Jimi Jamison: Singer who helped revive the fortunes of Survivor and went on to write and record the 'Baywatch' theme tune


Pierre Perrone
Tuesday 23 September 2014 18:00
Jamison performs at the Brandenburg Gate in Berlin on New Year's Eve 2011
Jamison performs at the Brandenburg Gate in Berlin on New Year's Eve 2011

When the Mississippi-born vocalist Jimi Jamison joined the US adult-oriented rock band Survivor in 1984, they were at a low ebb, with a flop album on their hands as they struggled to follow up their worldwide No 1 "Eye Of The Tiger". Their beret-wearing lead singer Dave Bickler had undergone a throat polyp operation and struggled to complete concerts, so the group's primary songwriters and de facto leaders, Jim Peterik and David Sullivan, decided to try out Jamison, the good-looking former frontman of the heavy metal band Cobra.

He brought a new dynamism to Survivor, who enjoyed a swift renaissance with "The Moment of Truth", the theme song to the 1984 film The Karate Kid, followed by a hat-trick of US hits, "I Can't Hold Back", "High On You" and "The Search Is Over". In 1985 they scored another global smash with "Burning Heart", a near-rewrite of "Eye Of The Tiger", on the soundtrack to Rocky IV.

Jamison's powerful, yearning voice, arguably more engaging than Bickler's, featured on several more Survivor hits – "Is This Love", "How Much Love", "Man Against The World", the latter a rare Jamison co-write – as they continued in the slipstream of Journey, Toto and REO Speedwagon, the AOR giants who have also changed frontmen over the years. When Sullivan put Survivor on hiatus in 1989, Jamison continued to use the name and became embroiled in a trademark battle he lost in 1999. However, the following year, he again joined forces with Sullivan, first until 2006, then over the last 18 months, when they teamed up with Bickler and did justice to the whole Survivor catalogue by featuring both vocalists.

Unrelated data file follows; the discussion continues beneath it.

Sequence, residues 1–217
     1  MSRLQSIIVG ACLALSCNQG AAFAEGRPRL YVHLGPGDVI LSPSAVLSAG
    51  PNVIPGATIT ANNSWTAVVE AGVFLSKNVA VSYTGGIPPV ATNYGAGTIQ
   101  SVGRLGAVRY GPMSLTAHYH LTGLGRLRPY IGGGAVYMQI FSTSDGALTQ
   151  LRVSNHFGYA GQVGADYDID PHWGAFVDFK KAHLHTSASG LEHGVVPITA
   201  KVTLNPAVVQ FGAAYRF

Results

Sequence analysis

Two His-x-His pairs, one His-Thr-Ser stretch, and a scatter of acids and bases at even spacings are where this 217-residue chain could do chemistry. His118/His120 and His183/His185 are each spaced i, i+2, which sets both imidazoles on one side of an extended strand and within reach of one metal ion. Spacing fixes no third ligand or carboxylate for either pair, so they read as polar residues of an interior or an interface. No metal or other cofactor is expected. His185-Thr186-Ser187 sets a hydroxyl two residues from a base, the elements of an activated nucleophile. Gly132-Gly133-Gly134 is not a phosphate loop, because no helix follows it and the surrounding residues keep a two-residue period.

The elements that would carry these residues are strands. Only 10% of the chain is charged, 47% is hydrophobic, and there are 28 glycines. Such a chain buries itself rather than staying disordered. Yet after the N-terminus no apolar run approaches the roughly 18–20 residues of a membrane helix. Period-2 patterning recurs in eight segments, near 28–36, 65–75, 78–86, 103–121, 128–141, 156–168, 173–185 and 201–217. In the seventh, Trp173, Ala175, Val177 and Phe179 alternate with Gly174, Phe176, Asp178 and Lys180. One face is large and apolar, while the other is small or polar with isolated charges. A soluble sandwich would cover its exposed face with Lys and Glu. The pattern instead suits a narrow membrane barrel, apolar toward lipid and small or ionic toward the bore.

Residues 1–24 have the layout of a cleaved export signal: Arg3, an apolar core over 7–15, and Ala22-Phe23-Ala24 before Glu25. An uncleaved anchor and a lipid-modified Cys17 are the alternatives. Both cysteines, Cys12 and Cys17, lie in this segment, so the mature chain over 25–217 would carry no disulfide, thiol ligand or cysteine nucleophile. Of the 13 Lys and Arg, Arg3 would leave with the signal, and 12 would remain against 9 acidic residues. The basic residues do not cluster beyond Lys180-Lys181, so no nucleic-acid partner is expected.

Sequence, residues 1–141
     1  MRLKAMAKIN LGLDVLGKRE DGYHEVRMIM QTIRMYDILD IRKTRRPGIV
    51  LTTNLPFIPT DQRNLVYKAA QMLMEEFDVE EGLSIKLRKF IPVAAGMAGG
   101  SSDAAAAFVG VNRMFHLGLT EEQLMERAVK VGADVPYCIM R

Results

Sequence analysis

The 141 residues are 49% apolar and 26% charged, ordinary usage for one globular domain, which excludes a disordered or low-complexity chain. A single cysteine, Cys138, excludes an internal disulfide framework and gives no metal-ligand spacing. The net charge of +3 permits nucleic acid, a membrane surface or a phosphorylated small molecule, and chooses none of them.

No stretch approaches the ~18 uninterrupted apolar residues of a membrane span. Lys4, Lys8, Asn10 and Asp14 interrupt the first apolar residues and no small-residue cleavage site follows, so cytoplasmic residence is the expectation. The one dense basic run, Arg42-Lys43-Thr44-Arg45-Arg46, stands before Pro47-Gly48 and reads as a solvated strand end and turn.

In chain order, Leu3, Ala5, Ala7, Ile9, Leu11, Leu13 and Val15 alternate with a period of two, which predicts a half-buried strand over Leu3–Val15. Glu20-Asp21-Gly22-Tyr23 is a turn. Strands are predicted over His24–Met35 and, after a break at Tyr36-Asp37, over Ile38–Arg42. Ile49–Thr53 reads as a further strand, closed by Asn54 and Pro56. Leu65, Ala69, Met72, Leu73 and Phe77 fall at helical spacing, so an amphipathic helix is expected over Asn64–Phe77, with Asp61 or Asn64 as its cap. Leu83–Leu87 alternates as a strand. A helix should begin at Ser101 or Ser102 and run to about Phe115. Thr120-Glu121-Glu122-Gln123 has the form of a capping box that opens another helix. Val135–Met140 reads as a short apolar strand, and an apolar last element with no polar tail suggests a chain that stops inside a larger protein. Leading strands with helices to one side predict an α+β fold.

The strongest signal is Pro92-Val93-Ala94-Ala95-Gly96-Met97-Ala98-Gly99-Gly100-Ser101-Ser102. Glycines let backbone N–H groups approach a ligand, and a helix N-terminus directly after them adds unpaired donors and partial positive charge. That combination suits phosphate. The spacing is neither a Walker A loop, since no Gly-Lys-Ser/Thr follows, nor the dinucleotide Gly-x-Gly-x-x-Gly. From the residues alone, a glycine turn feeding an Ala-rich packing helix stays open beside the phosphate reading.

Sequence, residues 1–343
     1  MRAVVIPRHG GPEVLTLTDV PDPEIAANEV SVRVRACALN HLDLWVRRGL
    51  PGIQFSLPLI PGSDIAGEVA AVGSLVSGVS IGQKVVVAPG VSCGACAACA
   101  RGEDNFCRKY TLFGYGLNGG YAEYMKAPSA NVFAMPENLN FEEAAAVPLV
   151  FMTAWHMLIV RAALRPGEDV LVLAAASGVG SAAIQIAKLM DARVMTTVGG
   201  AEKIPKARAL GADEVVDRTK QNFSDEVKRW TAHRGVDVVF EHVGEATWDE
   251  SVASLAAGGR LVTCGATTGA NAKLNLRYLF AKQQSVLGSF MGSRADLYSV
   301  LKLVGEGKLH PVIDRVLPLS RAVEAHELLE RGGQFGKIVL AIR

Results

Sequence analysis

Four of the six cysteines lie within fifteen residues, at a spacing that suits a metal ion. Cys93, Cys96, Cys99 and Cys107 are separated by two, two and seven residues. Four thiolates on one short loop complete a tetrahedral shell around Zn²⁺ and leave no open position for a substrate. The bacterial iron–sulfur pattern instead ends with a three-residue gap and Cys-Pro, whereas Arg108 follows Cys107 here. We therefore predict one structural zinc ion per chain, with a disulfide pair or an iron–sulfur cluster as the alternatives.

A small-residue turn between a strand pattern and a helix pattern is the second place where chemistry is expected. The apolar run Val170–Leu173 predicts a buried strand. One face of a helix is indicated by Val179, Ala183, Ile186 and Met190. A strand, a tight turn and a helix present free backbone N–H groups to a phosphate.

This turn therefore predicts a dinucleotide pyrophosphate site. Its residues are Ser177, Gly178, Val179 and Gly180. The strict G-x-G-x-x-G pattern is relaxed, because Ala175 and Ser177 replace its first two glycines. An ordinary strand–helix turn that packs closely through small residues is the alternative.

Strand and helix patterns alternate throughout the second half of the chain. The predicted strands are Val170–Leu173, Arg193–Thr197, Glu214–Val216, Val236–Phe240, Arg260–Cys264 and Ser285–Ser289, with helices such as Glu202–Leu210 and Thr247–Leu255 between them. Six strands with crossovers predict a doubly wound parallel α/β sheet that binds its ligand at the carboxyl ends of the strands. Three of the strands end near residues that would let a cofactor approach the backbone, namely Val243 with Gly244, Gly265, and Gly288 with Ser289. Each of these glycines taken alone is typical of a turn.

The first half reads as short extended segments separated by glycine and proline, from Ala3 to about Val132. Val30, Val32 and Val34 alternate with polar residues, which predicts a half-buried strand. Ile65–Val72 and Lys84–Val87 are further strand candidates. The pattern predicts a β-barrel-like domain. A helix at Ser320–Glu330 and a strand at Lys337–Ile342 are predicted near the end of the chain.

A self-taught musician proficient on guitar, piano and trumpet, Jamison grew up in Memphis, where he caught a glimpse of Elvis Presley riding a motorcycle. He spent four years at a jingle company, where he honed his versatile style. He also befriended ZZ Top, for whom he later sang backing vocals. In 1989 he was approached to replace Ian Gillan in the revived Deep Purple franchise but, according to keyboard-player Jon Lord, his "Italian-American managers" wouldn't let him, and they recruited the Rainbow frontman Joe Lynn Turner instead.

Jamison enjoyed further success when he co-wrote and recorded "I'm Always Here", which in 1991 replaced Peter Cetera's "Save Me" as the theme song for Baywatch. Despite its blandness the track retained some of the Memphis soul grit Jamison had enjoyed performing in his teens. He died at home of a heart attack.

Jimmy Wayne Jamison, singer, songwriter and musician: born Mississippi 23 August 1951; married Debbie (two daughters, one son); died Memphis 31 August 2014.

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